The policeman Ray T. shot an African-American with a control in the head and killed him.
Columbus - Lethal Shots: Suspended Two US police. In connection with the fatal head shot of a white US police on an African American in the US state of Ohio, two of his colleagues have been suspended. Two police officers of the university campus of Cincinnati received further their salary, but should not appear to the service until the results of an internal investigation against them for so long, said a spokeswoman for the university said Thursday the news agency AFP.
The white cop Ray T. had shot in the head on July 19, the 43-year-old Sam DuBose. The 25-year-old officer had testified that the African Americans had driven off in the traffic control and have dragged him. After evaluation of the images of a mini camera that was T. on the body, but the prosecutor came to the conclusion that at no time a risk existed. The car was only losgerollt. T. was therefore charged with murder on Wednesday, he faces a life sentence.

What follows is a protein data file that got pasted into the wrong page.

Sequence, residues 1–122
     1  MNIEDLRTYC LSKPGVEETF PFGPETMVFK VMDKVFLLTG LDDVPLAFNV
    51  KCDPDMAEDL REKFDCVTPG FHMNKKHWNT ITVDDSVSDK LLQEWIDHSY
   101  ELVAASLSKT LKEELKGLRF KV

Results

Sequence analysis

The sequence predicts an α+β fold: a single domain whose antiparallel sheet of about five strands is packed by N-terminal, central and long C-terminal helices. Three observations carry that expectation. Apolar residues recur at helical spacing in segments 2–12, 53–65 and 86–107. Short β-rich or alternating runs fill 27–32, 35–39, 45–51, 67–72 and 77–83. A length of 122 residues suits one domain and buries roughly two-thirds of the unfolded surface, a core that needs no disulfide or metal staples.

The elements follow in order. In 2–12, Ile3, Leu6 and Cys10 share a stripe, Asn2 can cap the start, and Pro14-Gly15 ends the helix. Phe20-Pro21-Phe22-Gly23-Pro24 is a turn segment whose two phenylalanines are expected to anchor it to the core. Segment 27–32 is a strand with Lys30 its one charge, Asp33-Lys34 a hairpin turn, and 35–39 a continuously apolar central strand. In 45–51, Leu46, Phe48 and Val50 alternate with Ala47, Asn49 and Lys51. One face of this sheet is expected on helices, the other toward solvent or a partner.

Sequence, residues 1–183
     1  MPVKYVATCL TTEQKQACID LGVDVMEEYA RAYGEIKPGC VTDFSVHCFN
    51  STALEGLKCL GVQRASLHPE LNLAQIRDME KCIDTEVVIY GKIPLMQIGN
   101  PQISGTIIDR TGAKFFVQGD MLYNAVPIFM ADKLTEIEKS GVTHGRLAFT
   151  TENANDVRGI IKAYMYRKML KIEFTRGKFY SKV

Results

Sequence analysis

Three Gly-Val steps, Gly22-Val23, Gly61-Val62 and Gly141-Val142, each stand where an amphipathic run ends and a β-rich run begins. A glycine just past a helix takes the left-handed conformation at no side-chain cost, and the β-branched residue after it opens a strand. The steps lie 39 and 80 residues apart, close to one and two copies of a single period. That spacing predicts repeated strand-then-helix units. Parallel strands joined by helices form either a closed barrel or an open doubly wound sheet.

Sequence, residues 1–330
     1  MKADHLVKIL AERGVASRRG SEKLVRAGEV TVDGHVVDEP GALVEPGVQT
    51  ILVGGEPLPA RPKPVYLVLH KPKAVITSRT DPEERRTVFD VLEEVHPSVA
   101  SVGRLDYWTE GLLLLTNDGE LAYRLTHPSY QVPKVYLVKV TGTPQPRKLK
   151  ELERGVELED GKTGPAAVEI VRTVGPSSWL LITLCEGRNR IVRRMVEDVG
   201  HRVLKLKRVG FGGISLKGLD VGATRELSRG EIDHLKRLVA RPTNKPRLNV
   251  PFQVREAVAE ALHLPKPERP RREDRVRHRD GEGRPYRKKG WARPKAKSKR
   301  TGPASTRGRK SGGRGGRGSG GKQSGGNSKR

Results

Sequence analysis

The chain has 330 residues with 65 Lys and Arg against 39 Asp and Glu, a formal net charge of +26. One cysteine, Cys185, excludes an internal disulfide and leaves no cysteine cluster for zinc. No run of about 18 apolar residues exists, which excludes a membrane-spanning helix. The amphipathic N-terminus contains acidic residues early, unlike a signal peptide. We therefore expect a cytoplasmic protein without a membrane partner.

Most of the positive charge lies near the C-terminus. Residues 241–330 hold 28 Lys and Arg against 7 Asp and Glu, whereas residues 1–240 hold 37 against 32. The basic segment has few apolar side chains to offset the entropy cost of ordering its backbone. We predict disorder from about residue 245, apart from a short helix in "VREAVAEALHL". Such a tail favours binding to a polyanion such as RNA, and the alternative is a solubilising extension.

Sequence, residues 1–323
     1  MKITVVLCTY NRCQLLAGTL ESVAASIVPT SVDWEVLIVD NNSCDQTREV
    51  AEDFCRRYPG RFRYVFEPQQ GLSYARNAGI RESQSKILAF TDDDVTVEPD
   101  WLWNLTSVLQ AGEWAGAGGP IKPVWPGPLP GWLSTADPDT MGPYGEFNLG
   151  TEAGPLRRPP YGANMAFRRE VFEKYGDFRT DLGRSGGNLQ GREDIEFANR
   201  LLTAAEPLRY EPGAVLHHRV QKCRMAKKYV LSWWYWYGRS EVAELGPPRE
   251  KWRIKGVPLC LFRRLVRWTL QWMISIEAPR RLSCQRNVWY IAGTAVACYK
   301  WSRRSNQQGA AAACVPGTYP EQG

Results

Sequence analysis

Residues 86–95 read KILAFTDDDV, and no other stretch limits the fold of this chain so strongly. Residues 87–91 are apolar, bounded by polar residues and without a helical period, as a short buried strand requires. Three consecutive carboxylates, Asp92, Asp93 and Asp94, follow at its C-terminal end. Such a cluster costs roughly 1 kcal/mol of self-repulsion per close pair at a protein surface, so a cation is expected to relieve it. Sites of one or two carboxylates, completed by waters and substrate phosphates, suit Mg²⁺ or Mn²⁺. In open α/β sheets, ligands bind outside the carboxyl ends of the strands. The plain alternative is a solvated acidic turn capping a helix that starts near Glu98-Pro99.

Two colleagues from T. had been during the incident spot. One of them Ts had confirmed information that it had been dragged from DuBoses car.
Prosecutor Joseph Deters stressed that T. had not to do it in the control to someone who was wanted for murder. The victim was only stopped because in the car did not have the license plate. Deters demanded that the University of Cincinnati lodging the supervision of the campus police to urban authorities.
According to information from the US media company BuzzFeed three other black men were killed by police in 1997 on the campus of Cincinnati. Two of them were mentally ill, the third was killed with a stun gun. The university paid according to the report in civil proceedings just under three million dollars (2.7 million euros) in damages, but criminal proceedings were not incidents.
The Police Union of Cincinnati took T. in protection. To watch and analyze such an incident on a video in slow motion, was "a luxury that the police on the street has not," said union president Bruce Szilagyi. "We make decisions in a split second." These are sometimes wrong. "But all of our decisions are taken with a view to protecting the public and our own protection," Szilagyi added.
In recent months a number of cases of deadly police violence against black people in the US had triggered violent protests and debates on racism in the police partly.